Austrian Vocabulary: Everyday words, basic vocabulary items related to food etc., vary a bit between Austrian and German.

  1. Instead of the German “Guten Tag!,” Austrians say “Grüß Gott!” (meaning “greet God”), which is also common in some areas of Bavaria.
  2. Cell phone: The Austrian term is Handy, along with the German “Mobiltelefon”. 
  3. Tram: Austrians refer to it as Bim rather than “Straßenbahn.”
  4. Jänner instead of Januar, and Feber instead of Februar, as well as heuer for dieses Jahr. 
  5. Staircase ist called Stiege along with the German Treppe. 
  6. Hallway: The Austrian term is Vorzimmer rather than “Diele.”
  7. Wardrobe: In Austria, it’s called Kasten instead of “Schrank.”
  8. Chair: Austrians say Sessel instead of “Stuhl.”
  9. Pillow: In Austria, it’s Polster instead of “Kissen.”
  10. Oven: Austrians use Ofen instead of “Kamin.”
  11. Ground beef is called Faschiertes instead of Hackfleisch. 
  12. Quark: Austrians say Topfen for curd / sweet cottage cheese.
  13. Whipped cream is Schlagobers and for sure not Sahne. 
  14. Pancake is Palatschinke instead of Pfannkuchen. 
  15. Scrambled eggs is called Eierspeis(e) rather than Rührei.
  16. Buns are Semmel or Weckerl and not Brötchen. 
  17. Apricots are Marille instead of Aprikose. 
  18. Potato: In Austria, it’s Erdapfel instead of “Kartoffel.”
  19. Tomatoes are Paradeiser, rather than Tomaten. 
  20. Corn can be called Kukuruz as well es Mais.

More examples and explanations in German you'll find here and here


Typical Phrases in Austrian Slang

Let's take a look at the mostly used expressions and phrases in Austrian German: 

  • "Dude! or Mate!" is often used to address a friend which is Oida! (= Alter!) in Austria, especially among the younger generation, meaning "an old man". This expression is so popular in the Viennese dialect that it is used in a variety of contexts, each with its own distinct meaning and emphasis.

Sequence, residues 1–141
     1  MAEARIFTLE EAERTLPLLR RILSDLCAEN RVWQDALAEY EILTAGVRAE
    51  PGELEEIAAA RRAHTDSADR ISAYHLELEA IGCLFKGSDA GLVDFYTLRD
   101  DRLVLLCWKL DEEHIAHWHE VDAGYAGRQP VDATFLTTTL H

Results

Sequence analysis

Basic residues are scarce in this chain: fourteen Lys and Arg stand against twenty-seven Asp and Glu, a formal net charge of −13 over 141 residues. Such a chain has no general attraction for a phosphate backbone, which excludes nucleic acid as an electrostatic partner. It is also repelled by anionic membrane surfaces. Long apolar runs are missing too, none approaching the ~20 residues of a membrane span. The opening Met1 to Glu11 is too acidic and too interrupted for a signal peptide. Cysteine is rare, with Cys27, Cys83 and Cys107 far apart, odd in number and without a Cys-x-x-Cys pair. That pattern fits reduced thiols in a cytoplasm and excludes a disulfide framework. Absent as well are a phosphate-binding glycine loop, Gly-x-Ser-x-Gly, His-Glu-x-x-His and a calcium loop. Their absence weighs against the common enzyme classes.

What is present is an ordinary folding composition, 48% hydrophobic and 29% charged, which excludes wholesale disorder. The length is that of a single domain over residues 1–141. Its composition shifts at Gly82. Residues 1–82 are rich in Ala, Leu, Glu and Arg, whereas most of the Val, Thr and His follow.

• Heans! (= Hören Sie!) is a funny but insulting way to address someone officially and politely but actually meaning the exact opposite. 
  • The suffix attached to a verb stem refers to plural 1st if asking a question or using imperative,  similar to the English let's do something. For example: Samma fertig? oder kurz: Sammas? (= Sind wir fertig?) to ask whether we're ready to leave. Or Gemma? (= Gehen wir!) for 'Let's go!' in English. And Hamma Müch z'Haus? (= Haben wir Milch zu Hause?) if you want to know whether you have some milk at home. 
  • If something is fantastic Austrians say (Ur)Leiwand! or Geil! meaning Awesome! 
  • If you appreciate something or someone, you can express your liking by saying: Das taugt mir.  
  • Use Huach zua! (= Hör zu!) if you want someone to listen closely. 
  • This phrase carries two distinct interpretations. Literally, it translates to "Are you stupid?" which, if directed at a German, would probably be taken as an insult. Conversely, in Austria, the same phrase is often used colloquially to express astonishment, akin to saying: Bist du deppert!  
  • A sarcastic way to react like "Well, obviously / not!" starts with No na! or No na net! and culminating in Na no na / net
  • The next phrase indicates that a certain resource (mostly time, but also money and space) is insufficient to accomplish a task. Das geht sich nicht aus. could be interpreted as "There isn't enough time / money / space to do it."
  • Die Oaschkortn ziagn (= die Arschkarten ziehen) means to "get the ass card," if you're experiencing particularly bad luck that day.
  • The phrase Hüft's nix, schodt's nix. (= hilft es nichts, schadet es nichts) translates to, "Doesn't help, doesn't hurt.", is used to encourage someone when they're reluctant to do or try something new. 
  • Austrians have a saying that serves as a cautionary reminder that reigniting a romance with an ex may not be wise. It can also be applied when someone revisits a subject that has been exhaustively debated: Aufgewärmt ist nur ein Gulasch gut - only a goulash tastes good reheated 

More of the Austrian Slang you'll find here


If I've made you curious and you'd want to find out more about spoken Austrian and the Viennese Dialect get in touch with me.